Employees are hired to perform their work at a certain level, as set out in their job description and their annual appraisals. Sometimes an employee’s performance fails to reach that level, and managers need to be equipped to manage the performance of those employees to bring them back to the expected level. Handling these conversations badly can often lead to personal grievances, and a failure to handle them in a timely manner or at all, can lead to productivity issues, low morale and even health and safety issues.
Managers need to be equipped to have focussed conversations with employees to explain the gap between expectations and performance, and to work with the employee to understand the reasons for the drop-off in performance, and to support them to return their delivery to expected levels. The key factor is preparation. A clearly defined process, combined with training and support, can give managers confidence and clarity about how to structure and hold such conversations, and therefore to successfully guide employees back to strong performance.
It is neither discrimination nor harassment to require an employee to deliver the work they were hired to do, and to the level they are expected to do it at. However, an important factor to consider is that sometimes performance is affected by things outside the employee’s control (such as illness, or personal circumstances, for example), and understanding the CAUSE of poor performance before taking action is fundamental to treating the employee fairly. An overly strict approach, without understanding the cause, could exacerbate the problem and give rise to a personal grievance.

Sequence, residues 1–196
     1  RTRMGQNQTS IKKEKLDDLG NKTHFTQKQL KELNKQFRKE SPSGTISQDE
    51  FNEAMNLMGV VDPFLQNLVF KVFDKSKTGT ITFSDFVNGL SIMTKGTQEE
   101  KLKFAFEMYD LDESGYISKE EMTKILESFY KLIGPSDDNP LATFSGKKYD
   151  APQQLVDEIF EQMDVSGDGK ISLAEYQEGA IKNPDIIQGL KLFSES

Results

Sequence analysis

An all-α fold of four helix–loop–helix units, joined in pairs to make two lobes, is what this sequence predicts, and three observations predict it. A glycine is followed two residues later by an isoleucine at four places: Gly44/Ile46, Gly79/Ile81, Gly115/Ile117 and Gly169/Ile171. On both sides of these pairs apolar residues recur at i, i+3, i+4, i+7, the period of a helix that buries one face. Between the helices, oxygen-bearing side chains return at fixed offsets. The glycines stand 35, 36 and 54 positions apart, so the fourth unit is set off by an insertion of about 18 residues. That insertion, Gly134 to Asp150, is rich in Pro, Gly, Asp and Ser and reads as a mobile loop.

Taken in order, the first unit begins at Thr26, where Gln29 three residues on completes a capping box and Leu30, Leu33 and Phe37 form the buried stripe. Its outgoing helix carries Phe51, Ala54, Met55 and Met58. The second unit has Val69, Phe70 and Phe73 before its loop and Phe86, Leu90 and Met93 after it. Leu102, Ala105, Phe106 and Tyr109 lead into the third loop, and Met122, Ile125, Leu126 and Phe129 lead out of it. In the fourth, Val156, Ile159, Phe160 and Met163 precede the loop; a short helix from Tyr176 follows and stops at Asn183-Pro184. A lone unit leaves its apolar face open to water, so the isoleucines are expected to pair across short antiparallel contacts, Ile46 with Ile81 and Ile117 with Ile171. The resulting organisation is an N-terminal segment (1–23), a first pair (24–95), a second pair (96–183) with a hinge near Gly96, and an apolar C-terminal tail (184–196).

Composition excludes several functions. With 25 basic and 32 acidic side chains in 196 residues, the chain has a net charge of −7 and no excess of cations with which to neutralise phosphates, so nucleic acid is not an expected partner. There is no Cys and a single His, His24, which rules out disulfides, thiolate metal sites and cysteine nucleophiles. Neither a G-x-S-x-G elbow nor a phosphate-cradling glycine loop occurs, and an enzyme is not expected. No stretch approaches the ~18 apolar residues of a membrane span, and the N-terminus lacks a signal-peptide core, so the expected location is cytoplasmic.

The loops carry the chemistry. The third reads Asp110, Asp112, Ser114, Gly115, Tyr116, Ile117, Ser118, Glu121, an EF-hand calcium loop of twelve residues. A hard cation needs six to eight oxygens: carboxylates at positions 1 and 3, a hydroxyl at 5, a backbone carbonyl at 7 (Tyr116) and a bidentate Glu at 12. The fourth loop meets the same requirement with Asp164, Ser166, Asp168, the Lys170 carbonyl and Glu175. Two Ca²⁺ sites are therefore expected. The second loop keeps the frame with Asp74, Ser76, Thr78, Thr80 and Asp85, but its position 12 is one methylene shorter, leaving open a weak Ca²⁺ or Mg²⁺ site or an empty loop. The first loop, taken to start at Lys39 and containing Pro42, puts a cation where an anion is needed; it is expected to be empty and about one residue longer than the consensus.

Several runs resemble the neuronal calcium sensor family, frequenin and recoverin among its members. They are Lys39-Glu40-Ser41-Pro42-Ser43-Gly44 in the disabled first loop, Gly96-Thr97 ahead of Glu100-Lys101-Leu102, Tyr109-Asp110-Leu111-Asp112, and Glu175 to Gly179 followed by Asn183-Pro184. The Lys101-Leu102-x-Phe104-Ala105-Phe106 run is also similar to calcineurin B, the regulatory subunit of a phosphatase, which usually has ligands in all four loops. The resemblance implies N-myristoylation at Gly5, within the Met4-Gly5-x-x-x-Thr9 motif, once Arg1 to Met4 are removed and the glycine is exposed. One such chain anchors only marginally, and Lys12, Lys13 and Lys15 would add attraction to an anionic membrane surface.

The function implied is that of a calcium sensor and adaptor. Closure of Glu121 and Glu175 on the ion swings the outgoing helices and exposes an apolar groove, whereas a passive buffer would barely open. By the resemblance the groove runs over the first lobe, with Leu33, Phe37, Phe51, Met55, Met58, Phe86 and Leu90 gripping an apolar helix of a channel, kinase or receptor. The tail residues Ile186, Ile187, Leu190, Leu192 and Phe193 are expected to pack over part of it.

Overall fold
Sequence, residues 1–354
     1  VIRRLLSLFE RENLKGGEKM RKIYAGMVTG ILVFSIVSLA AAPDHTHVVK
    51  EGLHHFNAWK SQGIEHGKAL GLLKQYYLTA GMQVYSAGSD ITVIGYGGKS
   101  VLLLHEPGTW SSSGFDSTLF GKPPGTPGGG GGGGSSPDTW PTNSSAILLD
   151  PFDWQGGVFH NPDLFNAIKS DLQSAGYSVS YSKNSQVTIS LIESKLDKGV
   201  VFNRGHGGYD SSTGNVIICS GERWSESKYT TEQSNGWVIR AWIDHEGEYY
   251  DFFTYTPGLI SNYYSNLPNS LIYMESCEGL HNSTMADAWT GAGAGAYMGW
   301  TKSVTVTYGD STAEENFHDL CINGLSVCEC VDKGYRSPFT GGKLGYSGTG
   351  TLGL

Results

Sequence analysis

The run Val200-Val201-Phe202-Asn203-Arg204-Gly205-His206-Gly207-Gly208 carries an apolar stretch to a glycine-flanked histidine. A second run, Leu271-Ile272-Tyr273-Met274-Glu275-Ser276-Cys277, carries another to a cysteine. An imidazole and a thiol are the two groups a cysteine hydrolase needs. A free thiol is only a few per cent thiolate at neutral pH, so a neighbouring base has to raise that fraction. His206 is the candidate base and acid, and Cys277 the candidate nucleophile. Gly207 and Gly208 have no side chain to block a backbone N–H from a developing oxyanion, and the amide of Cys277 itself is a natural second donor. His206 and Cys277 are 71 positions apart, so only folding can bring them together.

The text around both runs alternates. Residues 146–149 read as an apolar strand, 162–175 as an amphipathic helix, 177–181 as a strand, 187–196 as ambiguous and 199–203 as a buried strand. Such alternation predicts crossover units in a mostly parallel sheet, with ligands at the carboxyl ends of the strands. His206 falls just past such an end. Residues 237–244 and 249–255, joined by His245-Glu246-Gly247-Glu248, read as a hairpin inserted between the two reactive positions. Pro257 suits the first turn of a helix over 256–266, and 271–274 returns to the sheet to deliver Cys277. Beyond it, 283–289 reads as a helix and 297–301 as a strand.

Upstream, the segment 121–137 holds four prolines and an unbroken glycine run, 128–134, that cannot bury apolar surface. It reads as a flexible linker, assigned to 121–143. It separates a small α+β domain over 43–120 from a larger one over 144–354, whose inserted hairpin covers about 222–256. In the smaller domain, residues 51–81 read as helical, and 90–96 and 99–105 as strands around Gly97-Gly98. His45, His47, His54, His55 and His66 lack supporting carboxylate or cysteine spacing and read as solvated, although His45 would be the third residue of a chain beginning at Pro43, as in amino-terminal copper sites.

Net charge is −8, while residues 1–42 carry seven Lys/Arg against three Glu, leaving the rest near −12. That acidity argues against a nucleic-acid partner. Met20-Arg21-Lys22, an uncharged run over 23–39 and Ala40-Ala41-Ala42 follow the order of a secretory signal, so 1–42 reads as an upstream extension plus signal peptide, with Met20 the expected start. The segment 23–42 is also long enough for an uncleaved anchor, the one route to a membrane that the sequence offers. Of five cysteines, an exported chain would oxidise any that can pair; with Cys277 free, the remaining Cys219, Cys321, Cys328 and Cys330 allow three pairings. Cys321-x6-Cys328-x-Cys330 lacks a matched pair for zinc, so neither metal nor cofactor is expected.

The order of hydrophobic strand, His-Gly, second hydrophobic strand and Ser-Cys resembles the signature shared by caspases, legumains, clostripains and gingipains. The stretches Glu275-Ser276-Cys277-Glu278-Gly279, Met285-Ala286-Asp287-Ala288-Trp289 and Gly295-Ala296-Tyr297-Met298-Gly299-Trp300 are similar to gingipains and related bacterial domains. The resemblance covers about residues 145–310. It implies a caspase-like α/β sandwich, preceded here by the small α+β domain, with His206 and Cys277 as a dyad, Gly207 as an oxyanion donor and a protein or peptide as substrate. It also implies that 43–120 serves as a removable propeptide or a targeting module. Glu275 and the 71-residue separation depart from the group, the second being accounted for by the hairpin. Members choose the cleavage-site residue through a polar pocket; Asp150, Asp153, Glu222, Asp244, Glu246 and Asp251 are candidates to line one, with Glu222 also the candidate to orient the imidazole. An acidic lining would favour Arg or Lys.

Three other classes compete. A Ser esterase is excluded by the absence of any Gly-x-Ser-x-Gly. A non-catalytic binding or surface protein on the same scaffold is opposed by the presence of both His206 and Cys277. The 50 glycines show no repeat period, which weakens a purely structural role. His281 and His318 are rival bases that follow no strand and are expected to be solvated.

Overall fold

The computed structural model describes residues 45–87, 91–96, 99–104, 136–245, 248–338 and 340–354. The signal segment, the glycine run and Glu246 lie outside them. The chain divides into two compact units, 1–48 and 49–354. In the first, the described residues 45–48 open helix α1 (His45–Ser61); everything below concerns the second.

It is also important to remember that the employer will always have a role to play in helping an employee deliver results. This will happen in various ways, but might include correcting flawed systems, processes and equipment, improving planning and communication or providing additional support and training.
Poor performance can also take time to correct and it is necessary to develop a plan and a time frame during which the employer and employee work together to correct issues. It is also critical that the consequences of not correcting poor performance are clear to the employee. Performance Improvement Plans (sometimes known as PIP’s) are important, formalised documents that set out
- the expected performance levels
- the performance gap
- a time frame for achieving the desired performance levels
- a meeting schedule where progress will be monitored and issued addressed
- what the employee and the company will do to rectify performance
- what the consequences will be for ongoing non-performance at the end of the PIP.
Termination for uncorrected poor performance is possible, but it should only be contemplated after the employer has made every effort to assist the employee to improve, and the employer must have a good record of what those efforts were. Clear warnings (written) should be given when performance does not improve satisfactorily, and the employee should be made very clear about the consequences of not meeting the performance deadlines on time.
If it becomes necessary to do so, it is wise to terminate an underperforming employee using a thorough and fair process similar to the disciplinary process, where an employee’s rights are respected and a unbiased decision is made after full examination of the prior process and evidence.
An important but often overlooked factor in these processes is that other employees are witness to how the employer is treating their colleague, and this can have a real impact (either positive or negative) on workplace morale and culture.